Vacuum Quenching

Types of vacuum quenching and how they compare
 
Sponsored by SECO/VACUUM
1 PDH; 1 RETA PDH; 0.1 IACET CEU*; 1 NYSED; This course may qualify for continuing education through the FBPE.; 1 PDH*

Learning Objectives:

  1. Describe the intensive water-quenching process originated by Dr. Nikolai Kobasko.
  2. List the cooling phases that happen during the oil-quenching process.
  3. Discuss how integral quenching has evolved over the years.
  4. Explain how the Jominy-end quench test measures hardenability.

This course is part of the Vacuum Heat Treat Academy

This course is part of the Vacuum Heat Treat Academy

Below are a set of links to articles from Industrial Heating. Click on each link below to read the articles and then complete the quiz to earn your credit and certificate of completion.

Quenching requires precise and rapid cooling. After tempering, this process, creates hard steel that can withstand extreme applications. This course discusses the new generation of high-pressure gas-quenching system (HPGQ) as well as the efficiency of oil systems and commercialization of water-quenching techniques.

Intensive Quenching Process Commercialization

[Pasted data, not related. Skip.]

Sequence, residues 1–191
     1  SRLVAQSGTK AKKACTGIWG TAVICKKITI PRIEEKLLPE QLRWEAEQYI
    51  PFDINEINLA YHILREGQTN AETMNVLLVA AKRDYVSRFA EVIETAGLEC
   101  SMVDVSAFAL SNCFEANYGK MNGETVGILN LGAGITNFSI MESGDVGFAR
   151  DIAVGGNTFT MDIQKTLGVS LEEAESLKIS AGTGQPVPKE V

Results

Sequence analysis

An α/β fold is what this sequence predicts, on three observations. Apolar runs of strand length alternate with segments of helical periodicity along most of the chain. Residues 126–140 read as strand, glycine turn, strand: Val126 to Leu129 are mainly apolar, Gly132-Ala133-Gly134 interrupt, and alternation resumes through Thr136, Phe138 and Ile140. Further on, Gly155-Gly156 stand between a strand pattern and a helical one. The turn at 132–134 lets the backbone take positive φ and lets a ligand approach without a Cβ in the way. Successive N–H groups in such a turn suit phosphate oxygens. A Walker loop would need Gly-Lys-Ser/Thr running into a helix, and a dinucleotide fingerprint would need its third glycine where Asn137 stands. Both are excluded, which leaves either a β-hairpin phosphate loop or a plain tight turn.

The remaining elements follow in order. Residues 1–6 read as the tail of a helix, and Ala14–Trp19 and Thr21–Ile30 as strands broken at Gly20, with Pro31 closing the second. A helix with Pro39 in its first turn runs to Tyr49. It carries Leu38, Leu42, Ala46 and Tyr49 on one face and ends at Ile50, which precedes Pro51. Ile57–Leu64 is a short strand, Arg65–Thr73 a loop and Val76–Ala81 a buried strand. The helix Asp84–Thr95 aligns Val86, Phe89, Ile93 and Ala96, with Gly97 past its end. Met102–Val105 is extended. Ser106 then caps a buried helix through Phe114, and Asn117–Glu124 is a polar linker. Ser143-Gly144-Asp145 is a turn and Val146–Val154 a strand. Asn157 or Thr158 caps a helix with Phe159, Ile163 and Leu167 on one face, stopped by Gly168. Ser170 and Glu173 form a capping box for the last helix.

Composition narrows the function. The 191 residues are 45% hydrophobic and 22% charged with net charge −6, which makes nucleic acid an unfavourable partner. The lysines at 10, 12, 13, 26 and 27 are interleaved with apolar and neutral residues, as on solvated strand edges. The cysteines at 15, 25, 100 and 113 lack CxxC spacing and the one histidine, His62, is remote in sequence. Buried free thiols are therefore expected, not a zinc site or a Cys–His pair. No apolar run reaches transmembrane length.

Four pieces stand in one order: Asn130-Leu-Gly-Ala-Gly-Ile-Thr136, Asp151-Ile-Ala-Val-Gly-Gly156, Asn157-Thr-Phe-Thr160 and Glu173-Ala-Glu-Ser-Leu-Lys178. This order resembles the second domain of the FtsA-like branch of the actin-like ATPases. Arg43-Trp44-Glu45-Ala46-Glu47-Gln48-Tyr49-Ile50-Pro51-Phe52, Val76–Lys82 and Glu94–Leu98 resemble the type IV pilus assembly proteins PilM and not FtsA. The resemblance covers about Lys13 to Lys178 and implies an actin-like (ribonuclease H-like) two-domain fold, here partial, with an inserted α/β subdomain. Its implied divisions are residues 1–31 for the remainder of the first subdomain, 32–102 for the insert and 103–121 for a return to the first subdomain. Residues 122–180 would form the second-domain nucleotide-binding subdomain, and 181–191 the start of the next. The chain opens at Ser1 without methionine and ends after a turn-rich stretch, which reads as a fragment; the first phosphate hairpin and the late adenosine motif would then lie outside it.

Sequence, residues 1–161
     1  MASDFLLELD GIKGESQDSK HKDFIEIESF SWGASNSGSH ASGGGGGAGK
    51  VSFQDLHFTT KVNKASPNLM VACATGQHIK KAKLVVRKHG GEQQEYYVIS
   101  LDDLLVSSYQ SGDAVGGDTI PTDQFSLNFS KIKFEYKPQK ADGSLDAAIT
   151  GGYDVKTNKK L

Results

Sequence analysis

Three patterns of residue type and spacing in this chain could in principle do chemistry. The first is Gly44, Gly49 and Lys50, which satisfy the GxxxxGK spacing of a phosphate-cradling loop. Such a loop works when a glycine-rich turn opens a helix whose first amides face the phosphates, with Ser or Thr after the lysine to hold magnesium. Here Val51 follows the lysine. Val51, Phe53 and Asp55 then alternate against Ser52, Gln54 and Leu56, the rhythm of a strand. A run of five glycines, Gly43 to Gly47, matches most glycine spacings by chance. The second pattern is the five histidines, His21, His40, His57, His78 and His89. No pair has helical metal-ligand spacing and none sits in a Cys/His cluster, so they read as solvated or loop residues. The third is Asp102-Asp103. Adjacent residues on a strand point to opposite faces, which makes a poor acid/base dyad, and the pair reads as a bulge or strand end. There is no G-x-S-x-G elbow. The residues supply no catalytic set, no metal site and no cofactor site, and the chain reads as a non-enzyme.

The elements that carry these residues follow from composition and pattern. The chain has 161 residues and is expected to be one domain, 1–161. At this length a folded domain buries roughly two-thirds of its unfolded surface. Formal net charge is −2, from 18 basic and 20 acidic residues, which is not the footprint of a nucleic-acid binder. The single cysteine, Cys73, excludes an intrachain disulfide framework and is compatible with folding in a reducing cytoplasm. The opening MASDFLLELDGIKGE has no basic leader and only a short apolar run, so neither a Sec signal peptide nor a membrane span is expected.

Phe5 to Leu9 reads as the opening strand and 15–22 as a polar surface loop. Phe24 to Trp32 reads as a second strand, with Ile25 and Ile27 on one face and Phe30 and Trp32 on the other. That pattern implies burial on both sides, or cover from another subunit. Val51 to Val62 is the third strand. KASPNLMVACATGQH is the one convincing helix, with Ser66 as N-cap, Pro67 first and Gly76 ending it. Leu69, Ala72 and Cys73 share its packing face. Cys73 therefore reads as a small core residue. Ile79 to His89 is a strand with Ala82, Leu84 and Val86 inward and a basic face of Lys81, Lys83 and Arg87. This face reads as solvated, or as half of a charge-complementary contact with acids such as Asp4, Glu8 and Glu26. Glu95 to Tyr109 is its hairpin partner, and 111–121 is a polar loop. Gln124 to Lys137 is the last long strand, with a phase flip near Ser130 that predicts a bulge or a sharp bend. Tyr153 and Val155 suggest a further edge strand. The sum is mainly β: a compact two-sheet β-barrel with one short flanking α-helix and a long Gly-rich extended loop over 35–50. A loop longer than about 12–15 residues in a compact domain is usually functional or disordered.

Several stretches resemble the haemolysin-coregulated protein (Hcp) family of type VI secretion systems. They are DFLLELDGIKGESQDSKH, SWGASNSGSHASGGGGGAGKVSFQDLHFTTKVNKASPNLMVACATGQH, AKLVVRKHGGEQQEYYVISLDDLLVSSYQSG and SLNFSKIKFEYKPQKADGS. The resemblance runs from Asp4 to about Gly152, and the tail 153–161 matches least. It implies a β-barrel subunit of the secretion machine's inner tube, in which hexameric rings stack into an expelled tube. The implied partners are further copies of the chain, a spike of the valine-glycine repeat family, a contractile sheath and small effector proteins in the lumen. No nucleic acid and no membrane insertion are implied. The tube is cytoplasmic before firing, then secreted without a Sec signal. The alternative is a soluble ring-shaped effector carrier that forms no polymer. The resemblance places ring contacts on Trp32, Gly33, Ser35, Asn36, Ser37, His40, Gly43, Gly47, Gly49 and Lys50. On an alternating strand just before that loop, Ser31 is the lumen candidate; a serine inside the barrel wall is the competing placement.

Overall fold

An intensive water-quenching process was originated by Dr. Nikolai Kobasko of the Ukraine in early 1960s. Intensive quenching (IQ) methods and their practical applications are presented in numerous technical papers, conference proceedings and books. This article looks at the IQ method in comparison to traditional quenching.
Michael Aronov, Nikolai Kobasko, Joseph Powell, and Paul Sampson

Technology Evolution of the Integral-Quench Furnace
Over the years, the heat-treatment industry has seen a number of truly innovative technology advancements – the oxygen probe and the adaptation of process simulators for recipe development being perhaps the most impactful to date. Now the heat-treat world is seeing another groundbreaking technological advancement, the introduction of the next generation of integral-quench furnaces.
Daniel H. Herring

Case Hardening Under Vacuum with Oil Quenching
Vacuum heat treating encompasses a wide variety of processes. Case hardening is just one of them. Examples include carbonitriding and carburizing. By diffusing carbon into the part surface, followed by quenching of the part, a hard and wear-resistant surface is formed while maintaining a ductile core. This article looks at vacuum furnace case hardening utilizing oil quenching.
Bill Warwick

Understanding the Jominy End-Quench Test
The Jominy end-quench test is the standard method for measuring the hardenability of steels. This article considers the basic concepts of hardenability and discusses the ability of the steel to be hardened in depth by quenching.
James Marrow

Vacuum Quenching

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